Representatives from the private sector, civil society, and the U.S.-sponsored African Women’s Entrepreneurship Program (AWEP) will participate in Forum activities August 8-9. The Ministerial plenaries will follow on August 9-10, bringing together senior government officials from the United States and the 38 African beneficiary countries. Read more. Source | US Department of State
In a bid to benefit from the African Growth and Opportunity Act (AGOA) extension, US companies will now partner with Ugandan companies especially in agribusiness.
The business partnerships are expected to step up Uganda’s production and capacity of the agricultural sector, levels of trade and investment between the two countries.
This was one of the outcomes during the meeting between the US agricultural trade mission and the Private Sector Foundation Uganda stakeholders in Kampala last week. Read more. Source | Daily Monitor
AGOA 101 Uganda is an export guide published by the East Africa Trade and Investment Hub (the Hub). The guide seeks to ease the challenges faced by Ugandan entrepreneurs by highlighting the step-by-step process businesses should take to export from Uganda to the U.S duty-free under the African Growth and Opportunity Act (AGOA).
It covers the export process for Hub-focused sectors under AGOA including: Fashion Accessories and Home Décor, Textile and Apparel, Footwear, and Specialty Foods and products.
The guide will assist Ugandan businesses to take advantage of AGOA, thereby increasing export levels, and give U.S buyers a wider range of products from the region.
Un atelier visant à familiariser les PME avec l'African Growth and Opportunities Act (AGOA) sera organisé mercredi à Westin Turtle Bay Resort & Spa à Balaclava. Le ministre du Business, des Entreprises et des Coopératives, Soomildut Bholah, et le chargé d’affaires de l’ambassade des États-Unis, Melanie Zimmerman, seront présents pour l’ouverture.
Cette activité réunira une centaine de représentants de la communauté des affaires, des secteurs public et privé, des PME, et des entrepreneuses. L’objectif principal consiste à sensibiliser les participants aux opportunités existantes sous l’AGOA et les informer afin qu’ils puissent mieux comprendre le processus d’exportation et ainsi prendre avantage des possibilités d’affaires. Le but de cette loi, adoptée en mai 2000 par le Congrès américain, est de soutenir l'économie des pays africains en leur facilitant l'accès au marché américain s'ils adhèrent aux principes de l'économie libérale. Read more. Source | Le Mauricien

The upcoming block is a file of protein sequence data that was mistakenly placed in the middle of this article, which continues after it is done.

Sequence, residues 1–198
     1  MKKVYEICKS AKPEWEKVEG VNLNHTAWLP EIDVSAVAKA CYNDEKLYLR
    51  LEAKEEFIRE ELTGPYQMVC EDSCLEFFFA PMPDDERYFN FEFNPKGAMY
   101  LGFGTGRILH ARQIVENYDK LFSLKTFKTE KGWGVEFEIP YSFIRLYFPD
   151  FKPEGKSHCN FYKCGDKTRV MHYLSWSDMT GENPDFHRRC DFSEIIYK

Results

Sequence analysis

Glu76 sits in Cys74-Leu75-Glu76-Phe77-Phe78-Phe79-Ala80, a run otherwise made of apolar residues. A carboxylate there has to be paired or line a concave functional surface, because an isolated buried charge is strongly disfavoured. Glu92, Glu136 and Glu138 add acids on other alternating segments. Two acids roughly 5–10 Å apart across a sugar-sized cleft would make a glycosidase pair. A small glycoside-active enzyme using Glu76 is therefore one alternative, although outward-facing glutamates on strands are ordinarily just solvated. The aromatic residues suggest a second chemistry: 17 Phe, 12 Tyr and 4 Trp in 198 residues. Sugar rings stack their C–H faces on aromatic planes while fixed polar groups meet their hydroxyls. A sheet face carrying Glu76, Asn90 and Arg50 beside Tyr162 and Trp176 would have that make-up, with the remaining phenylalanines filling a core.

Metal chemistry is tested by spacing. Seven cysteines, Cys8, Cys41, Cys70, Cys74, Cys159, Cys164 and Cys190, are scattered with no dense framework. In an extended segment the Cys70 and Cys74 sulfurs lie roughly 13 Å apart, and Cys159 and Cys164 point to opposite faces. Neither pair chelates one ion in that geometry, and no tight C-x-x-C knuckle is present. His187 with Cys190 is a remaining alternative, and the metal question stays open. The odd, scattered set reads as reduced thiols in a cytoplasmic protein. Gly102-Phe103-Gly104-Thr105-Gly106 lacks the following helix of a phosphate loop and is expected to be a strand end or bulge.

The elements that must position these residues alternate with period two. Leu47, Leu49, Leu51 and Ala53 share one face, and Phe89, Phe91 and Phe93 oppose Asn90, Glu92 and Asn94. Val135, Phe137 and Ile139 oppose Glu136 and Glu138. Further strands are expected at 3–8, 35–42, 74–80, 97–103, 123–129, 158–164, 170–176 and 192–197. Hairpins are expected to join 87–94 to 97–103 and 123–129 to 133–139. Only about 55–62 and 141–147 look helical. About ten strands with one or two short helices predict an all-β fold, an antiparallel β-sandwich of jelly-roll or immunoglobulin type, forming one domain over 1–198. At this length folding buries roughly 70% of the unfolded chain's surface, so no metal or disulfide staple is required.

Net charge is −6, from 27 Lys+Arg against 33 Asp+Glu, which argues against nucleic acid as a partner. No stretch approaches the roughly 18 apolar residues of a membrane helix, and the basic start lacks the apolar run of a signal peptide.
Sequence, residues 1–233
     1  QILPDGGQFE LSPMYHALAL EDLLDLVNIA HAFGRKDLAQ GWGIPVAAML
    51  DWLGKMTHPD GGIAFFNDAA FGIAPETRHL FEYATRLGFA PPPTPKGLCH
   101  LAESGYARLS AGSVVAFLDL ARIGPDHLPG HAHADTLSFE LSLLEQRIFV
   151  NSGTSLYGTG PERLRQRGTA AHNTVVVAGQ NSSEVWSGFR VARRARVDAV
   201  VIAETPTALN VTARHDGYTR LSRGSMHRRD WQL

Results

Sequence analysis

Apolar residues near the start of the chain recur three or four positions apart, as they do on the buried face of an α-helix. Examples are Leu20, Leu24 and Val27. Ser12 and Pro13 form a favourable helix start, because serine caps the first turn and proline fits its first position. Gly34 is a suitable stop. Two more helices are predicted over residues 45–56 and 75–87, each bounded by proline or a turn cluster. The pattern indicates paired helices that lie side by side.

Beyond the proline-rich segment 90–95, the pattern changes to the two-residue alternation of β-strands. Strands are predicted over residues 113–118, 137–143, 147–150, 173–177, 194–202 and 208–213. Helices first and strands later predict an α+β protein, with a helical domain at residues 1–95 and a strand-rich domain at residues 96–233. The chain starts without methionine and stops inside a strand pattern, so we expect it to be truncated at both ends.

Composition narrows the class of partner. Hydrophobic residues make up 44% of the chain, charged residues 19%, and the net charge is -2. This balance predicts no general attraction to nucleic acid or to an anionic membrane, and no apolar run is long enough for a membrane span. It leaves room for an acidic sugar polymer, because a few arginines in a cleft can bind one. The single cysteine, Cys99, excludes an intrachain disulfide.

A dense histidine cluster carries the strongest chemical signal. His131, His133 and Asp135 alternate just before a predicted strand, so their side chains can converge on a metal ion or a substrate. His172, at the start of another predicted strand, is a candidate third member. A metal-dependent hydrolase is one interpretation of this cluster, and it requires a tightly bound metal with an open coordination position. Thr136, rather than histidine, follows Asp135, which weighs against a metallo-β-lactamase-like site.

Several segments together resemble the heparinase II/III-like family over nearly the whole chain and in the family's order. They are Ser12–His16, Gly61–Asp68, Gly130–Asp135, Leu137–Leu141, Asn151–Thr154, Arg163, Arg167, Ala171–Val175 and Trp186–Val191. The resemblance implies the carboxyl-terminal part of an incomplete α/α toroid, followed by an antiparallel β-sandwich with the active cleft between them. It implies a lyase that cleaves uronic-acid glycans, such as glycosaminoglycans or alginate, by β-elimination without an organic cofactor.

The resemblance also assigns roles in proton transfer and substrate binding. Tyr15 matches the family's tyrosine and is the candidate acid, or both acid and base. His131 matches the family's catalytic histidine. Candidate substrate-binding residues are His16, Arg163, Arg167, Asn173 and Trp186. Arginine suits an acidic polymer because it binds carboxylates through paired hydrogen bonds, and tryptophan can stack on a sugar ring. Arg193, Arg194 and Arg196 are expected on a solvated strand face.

Speaker Rebecca Kadaga has said Parliament will next month invite Ugandans from different parts of the country to exhibit their traditional fashions.
Speaking to journalists at the Italian ambassador’s residence last week, Ms Kadaga said Ugandans need to be encouraged to start consuming locally made goods to support local manufacturers rather than spending money on foreign goods.She added that the US Agoa delegation will be in Parliament on April 10 and 11 to show Ugandans what they want and how they can enter the market because there are many good things in Uganda which Ugandans themselves are ignorant of. Read more. Source | Daily Monitor
Kenya is upbeat about launching direct flights to the United States earlier than planned after the Federal Aviation Administration (FAA) approved non-stop air travel between the two countries.
Inspectors from America’s FAA gave Jomo Kenyatta International Airport a clean bill of health after an audit leading to the award of the long awaited Category One status.
This sets the stage for signing of flight agreements between Washington and Nairobi as well as airlines seeking direct flights between the US and Kenya before commercial operations can start. Read more. Source | Business Daily